EDI (electronic data interchange) is the direct, application-to-application transmission of business documents such as purchase orders, invoices and remittance advices. EDI is a critical component of many e-commerce solutions. Isode does not provide software to manage EDI formats or business integration, but does provide components for transfer of EDI documents. This page describes Isode's EDI solution components.

EDI Transport

EDI Transport


EDI defines messages and rules for exchanging business information. EDI requires a transport mechanism to exchange messages, which can operate client/client, client/server or server/server. X.400 is a common choice for transferring EDI messages as it offers:

  • High reliability
  • Good audit logging, security and management
  • Two levels of end to end acknowledgement as standard features
  • Can build store and forward networks in desired configurations, including mesh and star

The above diagram shows an overall architecture for how X.400 servers and protocols are used to build an X.400 EDI infrastructure which enables the exchange of EDI messages. The two core Isode products used to provide this service are:

  • M-Switch X.400 is a high performance X.400 MTA (Message Transfer Agent), suitable for high volume backbone operation. M-Switch X.400 provides a flexible, secure and robust MTA solution.
  • M-Store X.400 is an X.400 Message Store supporting client access using the X.400 P7 protocol, and accepting messages from an MTA using X.400 P3.

EDI applications can connect to an X.400 Infrastructure in two ways:

  1. By use of X.400 P7, connecting to an X.400 Message Store such as M-Store X.400. This is a client server protocol to access delivered messages, and to submit new messages. This is appropriate for small end user EDI applications, and might typically be used by someone running an EDI application on a PC.
  2. By use of X.400 P3, connecting to an X.400 Message Transfer Agent such as M-Switch X.400. This is appropriate for server applications, that do not require the X.400 infrastructure to store messages. It provides a submission and delivery service.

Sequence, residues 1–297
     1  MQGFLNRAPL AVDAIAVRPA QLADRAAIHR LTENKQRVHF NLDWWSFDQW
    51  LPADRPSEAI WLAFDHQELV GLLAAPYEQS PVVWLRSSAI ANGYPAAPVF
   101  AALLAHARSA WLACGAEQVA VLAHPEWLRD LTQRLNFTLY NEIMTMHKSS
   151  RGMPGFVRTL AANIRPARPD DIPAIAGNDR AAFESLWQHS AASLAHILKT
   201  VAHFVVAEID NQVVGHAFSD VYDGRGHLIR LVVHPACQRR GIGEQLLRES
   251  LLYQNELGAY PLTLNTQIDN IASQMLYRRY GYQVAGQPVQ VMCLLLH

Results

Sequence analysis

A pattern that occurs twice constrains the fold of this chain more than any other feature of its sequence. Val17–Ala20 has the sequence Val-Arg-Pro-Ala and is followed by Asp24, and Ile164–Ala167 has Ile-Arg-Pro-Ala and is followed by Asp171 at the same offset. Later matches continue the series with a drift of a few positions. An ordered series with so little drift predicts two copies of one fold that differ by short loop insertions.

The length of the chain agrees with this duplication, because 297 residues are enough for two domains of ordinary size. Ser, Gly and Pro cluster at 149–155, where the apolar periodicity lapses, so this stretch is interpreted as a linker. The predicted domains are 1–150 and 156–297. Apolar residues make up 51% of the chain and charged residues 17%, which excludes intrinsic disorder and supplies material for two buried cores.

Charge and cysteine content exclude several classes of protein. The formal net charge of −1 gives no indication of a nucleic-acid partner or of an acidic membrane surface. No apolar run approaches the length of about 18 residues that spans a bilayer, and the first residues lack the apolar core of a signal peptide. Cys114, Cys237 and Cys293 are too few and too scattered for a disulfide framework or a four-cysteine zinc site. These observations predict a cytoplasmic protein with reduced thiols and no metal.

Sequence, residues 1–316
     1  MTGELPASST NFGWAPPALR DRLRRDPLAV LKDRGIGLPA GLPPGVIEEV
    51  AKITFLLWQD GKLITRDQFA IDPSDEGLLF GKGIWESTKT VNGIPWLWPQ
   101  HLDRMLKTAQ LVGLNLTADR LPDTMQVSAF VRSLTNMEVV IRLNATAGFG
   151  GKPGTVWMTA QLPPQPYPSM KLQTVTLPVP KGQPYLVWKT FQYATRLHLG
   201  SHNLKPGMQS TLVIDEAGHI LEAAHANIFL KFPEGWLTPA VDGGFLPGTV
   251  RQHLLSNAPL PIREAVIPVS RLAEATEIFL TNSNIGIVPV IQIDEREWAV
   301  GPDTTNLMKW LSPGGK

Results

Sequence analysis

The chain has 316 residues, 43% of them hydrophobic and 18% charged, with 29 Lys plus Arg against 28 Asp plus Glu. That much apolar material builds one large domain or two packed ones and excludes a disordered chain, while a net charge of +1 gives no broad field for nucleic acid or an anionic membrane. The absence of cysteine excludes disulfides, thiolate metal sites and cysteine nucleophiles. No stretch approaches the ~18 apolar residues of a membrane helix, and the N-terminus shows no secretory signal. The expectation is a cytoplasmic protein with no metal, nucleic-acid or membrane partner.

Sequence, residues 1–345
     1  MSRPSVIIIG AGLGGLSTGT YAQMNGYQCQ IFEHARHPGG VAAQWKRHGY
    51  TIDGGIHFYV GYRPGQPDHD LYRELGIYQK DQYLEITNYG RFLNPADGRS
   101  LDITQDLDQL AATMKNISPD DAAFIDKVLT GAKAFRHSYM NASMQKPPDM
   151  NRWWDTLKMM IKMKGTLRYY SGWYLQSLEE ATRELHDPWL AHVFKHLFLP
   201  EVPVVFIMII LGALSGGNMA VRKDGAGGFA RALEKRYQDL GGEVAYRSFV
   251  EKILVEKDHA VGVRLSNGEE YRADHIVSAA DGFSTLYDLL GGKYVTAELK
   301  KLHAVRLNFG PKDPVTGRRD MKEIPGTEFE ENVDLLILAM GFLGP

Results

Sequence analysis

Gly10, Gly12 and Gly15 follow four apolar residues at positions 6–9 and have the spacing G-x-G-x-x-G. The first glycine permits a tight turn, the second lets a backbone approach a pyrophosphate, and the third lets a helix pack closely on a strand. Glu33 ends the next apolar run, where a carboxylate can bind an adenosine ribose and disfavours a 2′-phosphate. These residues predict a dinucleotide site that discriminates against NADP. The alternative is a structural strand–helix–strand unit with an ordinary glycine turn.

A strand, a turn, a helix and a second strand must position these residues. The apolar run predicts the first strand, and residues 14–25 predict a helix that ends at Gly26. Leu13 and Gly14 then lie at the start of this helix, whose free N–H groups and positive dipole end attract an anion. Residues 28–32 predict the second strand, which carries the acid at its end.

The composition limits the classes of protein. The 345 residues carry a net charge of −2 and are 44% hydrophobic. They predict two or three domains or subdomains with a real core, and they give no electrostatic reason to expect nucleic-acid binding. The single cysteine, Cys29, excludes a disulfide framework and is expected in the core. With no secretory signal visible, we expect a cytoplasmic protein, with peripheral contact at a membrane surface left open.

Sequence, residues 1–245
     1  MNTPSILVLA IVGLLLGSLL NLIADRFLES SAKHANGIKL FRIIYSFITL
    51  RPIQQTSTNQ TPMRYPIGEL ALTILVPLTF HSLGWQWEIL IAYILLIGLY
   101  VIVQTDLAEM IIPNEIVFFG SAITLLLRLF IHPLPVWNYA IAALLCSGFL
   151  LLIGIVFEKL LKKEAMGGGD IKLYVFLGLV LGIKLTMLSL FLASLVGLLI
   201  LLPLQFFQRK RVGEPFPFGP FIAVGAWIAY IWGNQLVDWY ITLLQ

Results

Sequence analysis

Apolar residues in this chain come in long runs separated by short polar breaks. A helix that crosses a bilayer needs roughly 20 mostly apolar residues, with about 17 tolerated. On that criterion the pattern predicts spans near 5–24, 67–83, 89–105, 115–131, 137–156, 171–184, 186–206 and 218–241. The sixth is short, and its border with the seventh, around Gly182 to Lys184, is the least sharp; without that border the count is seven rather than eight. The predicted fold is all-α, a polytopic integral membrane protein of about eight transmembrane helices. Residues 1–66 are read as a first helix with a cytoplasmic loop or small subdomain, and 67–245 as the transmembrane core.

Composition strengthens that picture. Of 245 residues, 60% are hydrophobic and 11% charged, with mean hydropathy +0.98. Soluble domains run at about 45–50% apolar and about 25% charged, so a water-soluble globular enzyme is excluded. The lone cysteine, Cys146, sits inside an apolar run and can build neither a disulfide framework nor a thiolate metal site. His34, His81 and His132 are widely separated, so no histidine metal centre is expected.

Service Provider Options

End user EDI organizations will often connect to each other using a service provider, providing connectivity between EDI organizations, and acting as a transaction broker (as with a traditional EDI VAN (Value Added Network). This model is shown below.



The core component for a service provider will be one or more X.400 Message Transfer Agents (M-Switch X.400) which provide X.400 switching connectivity between the EDI end user organizations, who are the customers of the EDI . Where the EDI service provider wishes to support small end users, it will also operate an X.400 Message Store (M-Store X.400) in order to provide X.400 P7 client server access.

EDI End User Organization Options

An EDI end user organization typically has two connectivity choices. The first is to connect using X.400 P7 to an EDI service provider. This is a good choice for a small organization that does not require to operate its own X.400 servers. Use of X.400 P3 could in principle be an alternate option for such organizations, but in practice most EDI service providers have chosen to offer X.400 P1 and P7 services, but not P3.

The second choice is for an end user organization to operate an X.400 Message Transfer Agent (M-Switch X.400) and to connect using X.400 P1 (server to server). This is appropriate for an organization with higher volumes of traffic to connect to an EDI service provider, or for two end user organizations to interconnect directly without using and EDI service provider. In this configuration, the EDI end user organization has two choices to connect users to the X.400 Message Transfer Agent: